In a day and age of instant internet know-how, it’s not surprising that some people decide to forgo the assistance of a real estate agent, choosing instead to list their homes themselves, hoping for a sale, minus the dreaded commission fee.
After all, the worldwide web should be an all-knowing source to any relevant questions and concerns they may have, setting the course for a wonderfully smooth-sailing process from list to close...right?
Commission fee or not — despite the availability of online resources and groups promoting the idea of selling FSBO — working with a professional real estate agent makes such an impactful difference on the entire process that hiring one means sellers walk away with more money in their pockets.
Of course, you, as an agent, already know all of this. But sometimes, convincing potential clients is a different story. We've got 6 things you can ask potential clients to help them reconsider their choice to sell FSBO.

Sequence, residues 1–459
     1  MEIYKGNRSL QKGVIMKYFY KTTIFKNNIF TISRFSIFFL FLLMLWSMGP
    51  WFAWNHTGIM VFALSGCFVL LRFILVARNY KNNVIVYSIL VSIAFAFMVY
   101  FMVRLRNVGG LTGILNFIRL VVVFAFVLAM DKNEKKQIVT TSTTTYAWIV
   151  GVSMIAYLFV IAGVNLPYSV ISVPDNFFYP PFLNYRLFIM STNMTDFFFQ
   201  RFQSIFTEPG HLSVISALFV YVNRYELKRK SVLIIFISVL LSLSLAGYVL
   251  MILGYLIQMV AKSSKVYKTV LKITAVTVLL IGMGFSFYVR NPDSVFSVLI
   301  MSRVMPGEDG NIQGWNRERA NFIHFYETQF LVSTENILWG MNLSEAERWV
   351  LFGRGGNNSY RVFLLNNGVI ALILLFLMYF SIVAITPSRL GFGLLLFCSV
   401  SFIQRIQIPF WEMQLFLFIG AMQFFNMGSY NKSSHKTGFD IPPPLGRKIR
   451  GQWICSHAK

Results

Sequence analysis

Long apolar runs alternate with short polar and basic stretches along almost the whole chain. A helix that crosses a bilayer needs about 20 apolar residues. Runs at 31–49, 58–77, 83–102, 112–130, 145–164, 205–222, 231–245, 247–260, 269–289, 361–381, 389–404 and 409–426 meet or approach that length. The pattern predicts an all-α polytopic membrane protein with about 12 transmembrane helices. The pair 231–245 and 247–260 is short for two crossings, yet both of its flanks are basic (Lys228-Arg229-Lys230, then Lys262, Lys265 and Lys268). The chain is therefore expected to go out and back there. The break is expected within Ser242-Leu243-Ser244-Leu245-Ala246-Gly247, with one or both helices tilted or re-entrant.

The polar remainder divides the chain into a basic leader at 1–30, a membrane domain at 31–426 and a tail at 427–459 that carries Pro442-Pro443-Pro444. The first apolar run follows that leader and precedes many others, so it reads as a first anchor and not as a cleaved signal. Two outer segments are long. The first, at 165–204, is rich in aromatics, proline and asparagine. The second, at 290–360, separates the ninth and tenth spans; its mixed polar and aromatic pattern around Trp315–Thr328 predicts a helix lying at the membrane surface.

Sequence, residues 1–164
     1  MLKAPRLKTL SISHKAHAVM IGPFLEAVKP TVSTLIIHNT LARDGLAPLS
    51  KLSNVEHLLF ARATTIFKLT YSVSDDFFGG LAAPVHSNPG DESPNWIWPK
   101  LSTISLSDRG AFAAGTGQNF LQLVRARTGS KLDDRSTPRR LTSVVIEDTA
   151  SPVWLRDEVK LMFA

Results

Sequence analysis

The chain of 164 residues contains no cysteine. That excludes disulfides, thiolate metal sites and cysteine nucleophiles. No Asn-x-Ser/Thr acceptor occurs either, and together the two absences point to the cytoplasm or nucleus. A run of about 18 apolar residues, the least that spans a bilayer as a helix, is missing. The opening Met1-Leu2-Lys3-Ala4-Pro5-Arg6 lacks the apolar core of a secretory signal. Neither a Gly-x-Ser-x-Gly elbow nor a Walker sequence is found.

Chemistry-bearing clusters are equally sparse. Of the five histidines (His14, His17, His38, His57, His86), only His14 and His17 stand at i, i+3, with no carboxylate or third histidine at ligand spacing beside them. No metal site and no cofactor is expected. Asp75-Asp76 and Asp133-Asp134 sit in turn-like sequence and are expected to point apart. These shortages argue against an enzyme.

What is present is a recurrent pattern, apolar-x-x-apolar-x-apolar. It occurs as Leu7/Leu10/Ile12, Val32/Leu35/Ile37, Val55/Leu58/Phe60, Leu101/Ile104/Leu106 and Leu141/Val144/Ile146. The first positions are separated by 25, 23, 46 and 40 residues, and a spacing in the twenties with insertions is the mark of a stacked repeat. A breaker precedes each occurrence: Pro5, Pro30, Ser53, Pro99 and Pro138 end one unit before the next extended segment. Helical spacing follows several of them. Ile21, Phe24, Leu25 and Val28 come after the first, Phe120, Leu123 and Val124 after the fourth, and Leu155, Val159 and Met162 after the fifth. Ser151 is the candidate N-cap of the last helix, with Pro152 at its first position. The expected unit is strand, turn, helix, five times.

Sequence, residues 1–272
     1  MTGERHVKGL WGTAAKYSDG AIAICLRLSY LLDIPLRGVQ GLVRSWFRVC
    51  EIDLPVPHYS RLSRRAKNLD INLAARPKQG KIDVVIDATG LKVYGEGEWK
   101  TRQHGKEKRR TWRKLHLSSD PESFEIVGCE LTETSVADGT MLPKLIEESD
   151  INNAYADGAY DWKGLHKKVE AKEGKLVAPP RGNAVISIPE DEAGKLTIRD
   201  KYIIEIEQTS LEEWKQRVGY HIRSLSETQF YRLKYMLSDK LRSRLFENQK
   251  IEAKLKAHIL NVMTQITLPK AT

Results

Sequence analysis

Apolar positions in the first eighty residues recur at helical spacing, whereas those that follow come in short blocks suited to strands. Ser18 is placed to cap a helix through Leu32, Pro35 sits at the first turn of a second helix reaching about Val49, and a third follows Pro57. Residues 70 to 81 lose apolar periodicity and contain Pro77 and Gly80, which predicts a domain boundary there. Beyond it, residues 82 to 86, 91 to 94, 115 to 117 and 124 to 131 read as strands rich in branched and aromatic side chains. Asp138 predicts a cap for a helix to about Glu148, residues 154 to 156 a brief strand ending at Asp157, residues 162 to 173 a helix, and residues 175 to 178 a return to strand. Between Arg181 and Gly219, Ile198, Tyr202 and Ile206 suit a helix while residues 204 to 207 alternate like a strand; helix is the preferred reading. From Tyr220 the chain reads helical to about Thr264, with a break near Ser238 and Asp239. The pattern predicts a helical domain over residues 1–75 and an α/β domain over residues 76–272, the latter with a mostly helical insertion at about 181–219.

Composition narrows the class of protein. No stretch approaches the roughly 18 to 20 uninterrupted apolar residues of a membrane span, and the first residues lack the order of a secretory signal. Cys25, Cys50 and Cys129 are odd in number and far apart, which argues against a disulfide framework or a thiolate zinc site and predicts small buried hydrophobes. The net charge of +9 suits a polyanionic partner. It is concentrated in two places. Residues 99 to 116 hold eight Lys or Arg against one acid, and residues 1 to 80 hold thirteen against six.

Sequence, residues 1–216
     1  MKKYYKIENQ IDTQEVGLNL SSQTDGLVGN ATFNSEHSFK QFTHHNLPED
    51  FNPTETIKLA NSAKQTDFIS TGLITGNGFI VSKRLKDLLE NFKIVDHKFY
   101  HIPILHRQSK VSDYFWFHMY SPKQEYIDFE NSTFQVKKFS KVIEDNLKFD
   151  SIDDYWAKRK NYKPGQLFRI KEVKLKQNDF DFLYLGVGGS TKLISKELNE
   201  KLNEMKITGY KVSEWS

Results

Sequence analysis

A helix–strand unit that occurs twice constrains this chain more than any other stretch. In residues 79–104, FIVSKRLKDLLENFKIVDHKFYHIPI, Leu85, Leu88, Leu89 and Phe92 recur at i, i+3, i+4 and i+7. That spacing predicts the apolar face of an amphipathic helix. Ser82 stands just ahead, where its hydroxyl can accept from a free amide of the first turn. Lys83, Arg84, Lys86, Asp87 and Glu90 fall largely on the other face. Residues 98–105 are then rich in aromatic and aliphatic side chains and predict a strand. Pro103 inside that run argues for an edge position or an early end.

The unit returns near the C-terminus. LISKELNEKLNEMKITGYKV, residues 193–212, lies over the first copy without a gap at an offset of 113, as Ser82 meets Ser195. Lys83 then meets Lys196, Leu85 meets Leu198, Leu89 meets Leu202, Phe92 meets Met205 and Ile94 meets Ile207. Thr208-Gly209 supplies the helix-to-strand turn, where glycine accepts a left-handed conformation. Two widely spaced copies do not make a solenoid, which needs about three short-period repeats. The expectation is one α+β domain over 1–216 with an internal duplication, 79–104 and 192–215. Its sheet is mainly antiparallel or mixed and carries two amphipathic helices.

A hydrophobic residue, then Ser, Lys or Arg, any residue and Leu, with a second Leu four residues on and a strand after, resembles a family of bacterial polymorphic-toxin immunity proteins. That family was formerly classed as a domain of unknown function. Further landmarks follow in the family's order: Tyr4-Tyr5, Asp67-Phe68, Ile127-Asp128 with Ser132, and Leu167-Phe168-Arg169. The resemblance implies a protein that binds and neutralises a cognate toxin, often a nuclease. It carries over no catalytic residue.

1. How well do you understand the local market?
Despite the availability of certain records online for anyone to peruse, a local real estate professional understands the current market in a way the Average Joe can't just from reading through some recent comparables or neighborhood tax records.
Yes, that information is relevant, but it’s the flesh and blood behind those local transactions that make the difference between a house that sits on the market, and a house that sells for a great price.
The key lies in the business techniques and marketing tactics of a professional agent, accustomed to the local market and in touch with a huge network of other local agents and past clients.
The money question leads us to number two:
2. How do you decide which price is “the right price” to list your home?
This is typically the make or break question for any real estate deal. Despite thorough research, the elusive “exact right number” to price a home or property is often a challenge, even for some professionals.
But when sellers try to decide this number without a Realtor, they aren't utilizing all of the tools available to professional agents.